The delegation will include medical experts and aid workers and will set up a field hospital in the ravaged capital. The primary focus of the team will be to locate and assist the many Israelis stranded by the quake who have yet to make contact with their families.
The Israelis will depart in two planes and stay in Nepal for at least two weeks. The site where the delegation will deploy has yet to be announced and will be decided on Sunday after consultation with an IDF team which took off to Katmandu from Nevatim Airbase on Saturday at midnight.
The first-responder crew includes seven medical, logistics, and rescue officers from Home Front Command and will join up with the local authorities when it lands in Nepal to determine what priorities the Israeli delegation should set in their aid efforts.
Due to the failure of local infrastructure in Nepal, the IDF delegation will include advanced communication equipment which relies on satellites instead of local phone lines.
The delegation to Nepal is expected to be the largest to be deployed in recent years, with a more comprehensive staff than those sent to the Philippines and Japan.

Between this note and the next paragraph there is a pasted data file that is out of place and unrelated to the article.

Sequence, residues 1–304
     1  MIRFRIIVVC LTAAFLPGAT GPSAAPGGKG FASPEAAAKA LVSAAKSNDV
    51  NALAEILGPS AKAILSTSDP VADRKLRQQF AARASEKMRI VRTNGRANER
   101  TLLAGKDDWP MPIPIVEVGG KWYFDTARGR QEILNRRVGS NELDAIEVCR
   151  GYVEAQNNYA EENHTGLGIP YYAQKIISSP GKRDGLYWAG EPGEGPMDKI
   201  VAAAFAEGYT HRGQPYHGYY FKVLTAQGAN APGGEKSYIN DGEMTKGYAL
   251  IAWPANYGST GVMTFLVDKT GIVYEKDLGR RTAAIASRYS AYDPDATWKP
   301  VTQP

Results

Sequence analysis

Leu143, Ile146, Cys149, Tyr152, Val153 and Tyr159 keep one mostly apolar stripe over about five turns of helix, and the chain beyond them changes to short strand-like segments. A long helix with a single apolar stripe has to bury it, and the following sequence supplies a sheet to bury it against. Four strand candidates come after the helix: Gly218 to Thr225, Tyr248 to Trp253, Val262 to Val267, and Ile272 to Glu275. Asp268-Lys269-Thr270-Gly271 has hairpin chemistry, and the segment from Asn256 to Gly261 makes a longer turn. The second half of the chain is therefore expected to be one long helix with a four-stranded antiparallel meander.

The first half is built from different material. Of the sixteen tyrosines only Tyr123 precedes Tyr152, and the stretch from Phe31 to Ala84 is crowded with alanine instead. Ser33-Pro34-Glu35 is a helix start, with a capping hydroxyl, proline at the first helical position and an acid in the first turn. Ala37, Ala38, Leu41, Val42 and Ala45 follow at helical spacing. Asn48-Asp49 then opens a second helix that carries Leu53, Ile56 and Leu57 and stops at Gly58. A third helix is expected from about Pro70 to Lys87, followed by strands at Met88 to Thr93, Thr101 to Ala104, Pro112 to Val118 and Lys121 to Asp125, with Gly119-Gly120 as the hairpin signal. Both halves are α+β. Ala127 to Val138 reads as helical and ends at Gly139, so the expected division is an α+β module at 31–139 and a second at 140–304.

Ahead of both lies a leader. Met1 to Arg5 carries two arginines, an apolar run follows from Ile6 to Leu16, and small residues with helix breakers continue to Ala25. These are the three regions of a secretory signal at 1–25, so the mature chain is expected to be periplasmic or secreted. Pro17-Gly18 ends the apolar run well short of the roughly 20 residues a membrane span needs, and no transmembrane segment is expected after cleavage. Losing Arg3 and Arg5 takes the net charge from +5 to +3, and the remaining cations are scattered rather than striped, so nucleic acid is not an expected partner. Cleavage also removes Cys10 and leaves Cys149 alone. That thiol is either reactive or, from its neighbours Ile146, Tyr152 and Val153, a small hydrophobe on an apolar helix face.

President Reuven Rivlin said on Saturday night, "Our hearts and thoughts are with the nation of Nepal who are dealing with a terrible disaster, and with our loved ones who are in danger and distress."
Rivlin added that "Israel will extend its hand with a will to aid in search and rescue of the many injured."
More than 1,300 were killed in an earthquake measuring 7.9 magnitude which struck east of Pokhara in Nepal on Saturday. The earhquake caused buildings and centuries-old temples in the capital Kathmandu to collapse and cut open roads in the worst tremor in the Himalayan nation in 81 years.
Several Israelis were lightly injured in the deadly earthquake in Nepal according to the Foreign Ministry. The number of Israelis designated 'out of reach' was raised to 250.